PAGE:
deaths of despair
How the Impact of COVID is Causing a Rise in Deaths of Despair

The rate of addiction and mental health distress has been spiking since the start of the COVID-19 pandemic. More people are turning to drugs and alcohol to deal with the stress, anxiety, and uncertainty of this time period. Unfortunately, we’re also seeing that COVID-19 is causing an increase in deaths of despair as a side effect of substance abuse and mental health disorders.  

What is a Death of Despair?

A death of despair is essentially a death that is caused by suicide or addiction. The word despair literally means to have a lack of hope, which is a common symptom of mental health disorders that can trigger suicidal thoughts and substance abuse issues.   

Anne Case and Angus Deaton are Princeton economists who study the phenomenon of deaths of despair in the United States. Their research has shown that deaths of despair are significantly more common among white Americans between the ages of 45 and 54, who don’t have a college degree. People in this group have shorter life expectancies than other Americans because they have a higher risk of mental health issues.

Case and Deaton have concluded that uneducated, working-class Americans struggle more than other demographics. They’re often dealing with poor health, broken relationships, job instability, and financial hardships. Most people in this population don’t have access to resources or treatment for mental health and substance abuse disorders.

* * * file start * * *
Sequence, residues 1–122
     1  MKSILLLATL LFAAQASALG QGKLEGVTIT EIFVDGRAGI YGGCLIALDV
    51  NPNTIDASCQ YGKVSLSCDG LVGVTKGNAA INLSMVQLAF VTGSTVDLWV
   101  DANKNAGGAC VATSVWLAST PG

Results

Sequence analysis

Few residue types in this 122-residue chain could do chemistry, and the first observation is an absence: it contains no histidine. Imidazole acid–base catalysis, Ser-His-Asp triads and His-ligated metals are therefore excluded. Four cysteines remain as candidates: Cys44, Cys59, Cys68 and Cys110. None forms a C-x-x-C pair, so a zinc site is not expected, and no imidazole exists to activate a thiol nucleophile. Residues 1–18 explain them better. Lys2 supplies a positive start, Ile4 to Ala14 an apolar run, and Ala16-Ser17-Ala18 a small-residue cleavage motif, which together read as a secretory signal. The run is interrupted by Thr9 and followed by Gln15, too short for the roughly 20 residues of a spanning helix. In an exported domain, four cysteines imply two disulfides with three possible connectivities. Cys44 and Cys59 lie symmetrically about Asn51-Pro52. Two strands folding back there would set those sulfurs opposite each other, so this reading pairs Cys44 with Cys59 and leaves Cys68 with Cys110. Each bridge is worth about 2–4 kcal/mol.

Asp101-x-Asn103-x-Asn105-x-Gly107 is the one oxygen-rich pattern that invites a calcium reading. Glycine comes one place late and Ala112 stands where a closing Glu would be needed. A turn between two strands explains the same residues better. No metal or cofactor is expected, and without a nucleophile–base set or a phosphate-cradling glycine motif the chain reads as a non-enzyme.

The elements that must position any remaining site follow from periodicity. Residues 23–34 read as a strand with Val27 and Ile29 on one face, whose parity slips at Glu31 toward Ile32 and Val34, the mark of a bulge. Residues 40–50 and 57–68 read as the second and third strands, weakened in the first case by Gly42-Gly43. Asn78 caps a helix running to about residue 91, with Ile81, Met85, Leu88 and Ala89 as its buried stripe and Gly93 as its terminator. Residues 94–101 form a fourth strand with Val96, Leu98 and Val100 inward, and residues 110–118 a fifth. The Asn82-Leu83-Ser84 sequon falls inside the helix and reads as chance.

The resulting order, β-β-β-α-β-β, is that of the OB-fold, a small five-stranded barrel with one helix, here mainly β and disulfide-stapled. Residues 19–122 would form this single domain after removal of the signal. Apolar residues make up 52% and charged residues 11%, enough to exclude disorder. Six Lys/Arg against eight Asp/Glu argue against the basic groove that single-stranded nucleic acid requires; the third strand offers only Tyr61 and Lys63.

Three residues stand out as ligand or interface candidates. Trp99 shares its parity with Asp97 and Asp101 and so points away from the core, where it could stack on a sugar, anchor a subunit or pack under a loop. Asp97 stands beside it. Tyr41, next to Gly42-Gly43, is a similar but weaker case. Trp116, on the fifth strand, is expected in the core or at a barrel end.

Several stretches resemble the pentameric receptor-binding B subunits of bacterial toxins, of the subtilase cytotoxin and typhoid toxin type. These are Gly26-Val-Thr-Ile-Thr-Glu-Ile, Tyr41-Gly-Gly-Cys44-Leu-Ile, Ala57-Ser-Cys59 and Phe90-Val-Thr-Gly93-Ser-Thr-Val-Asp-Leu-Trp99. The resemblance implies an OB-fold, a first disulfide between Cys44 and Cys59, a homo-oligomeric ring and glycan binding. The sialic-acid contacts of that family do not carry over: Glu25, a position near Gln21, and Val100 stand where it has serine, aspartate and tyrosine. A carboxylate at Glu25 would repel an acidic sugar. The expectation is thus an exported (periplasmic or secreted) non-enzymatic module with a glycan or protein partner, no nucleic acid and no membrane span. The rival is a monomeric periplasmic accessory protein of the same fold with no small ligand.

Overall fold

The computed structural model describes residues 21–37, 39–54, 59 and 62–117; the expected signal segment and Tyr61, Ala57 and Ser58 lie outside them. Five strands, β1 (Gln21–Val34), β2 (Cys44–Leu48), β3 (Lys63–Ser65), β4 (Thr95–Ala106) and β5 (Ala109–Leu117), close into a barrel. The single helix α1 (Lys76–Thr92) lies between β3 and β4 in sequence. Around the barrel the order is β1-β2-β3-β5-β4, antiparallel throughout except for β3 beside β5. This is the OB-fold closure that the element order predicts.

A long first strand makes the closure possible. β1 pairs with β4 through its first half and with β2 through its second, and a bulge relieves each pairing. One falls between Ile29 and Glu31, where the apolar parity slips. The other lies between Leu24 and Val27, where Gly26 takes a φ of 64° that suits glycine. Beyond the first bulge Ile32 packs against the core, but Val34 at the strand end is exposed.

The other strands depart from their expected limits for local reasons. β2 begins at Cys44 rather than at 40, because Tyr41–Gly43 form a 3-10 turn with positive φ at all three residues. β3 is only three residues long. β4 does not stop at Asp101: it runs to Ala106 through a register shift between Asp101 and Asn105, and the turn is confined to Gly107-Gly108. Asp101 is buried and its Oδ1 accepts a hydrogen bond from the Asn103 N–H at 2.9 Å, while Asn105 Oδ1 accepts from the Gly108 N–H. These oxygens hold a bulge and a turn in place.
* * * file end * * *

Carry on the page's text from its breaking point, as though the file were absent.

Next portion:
These economic issues cause working-class people to suffer in silence, without the help they so desperately need. The education and income gap in the United States is partially responsible for the increased rate of deaths of despair in the working-class population. But since the start of COVID-19, the issue has become even worse.

COVID-19 is Causing More Suicide and Overdose Deaths

The coronavirus pandemic has wreaked havoc on the entire world. Every person has been affected by this crisis in some way, shape, or form, regardless of age, ethnicity, education level, or economic status. People from all walks of life are dealing with the aftermath of this pandemic.

However, working-class Americans without much education are the ones who are getting the worst of it. According to a CDC survey about mental health trends during the pandemic, more Americans with a high school degree or GED reported having depressive symptoms than people with a college degree. 

There are a few reasons for this. On one hand, many working-class people who worked in settings like factories or manufacturing plants lost their job at the beginning of the pandemic, and are having a difficult time finding work. Their unemployment benefits are running out and they’re struggling to make ends meet.

Maybe their parents are also struggling financially, and they have to step in and take care of them. Millions of people have consolidated homes in order to save money, even if the living conditions are less than favorable. Some people aren’t able to afford childcare anymore, so kids are being neglected while their parents are at work.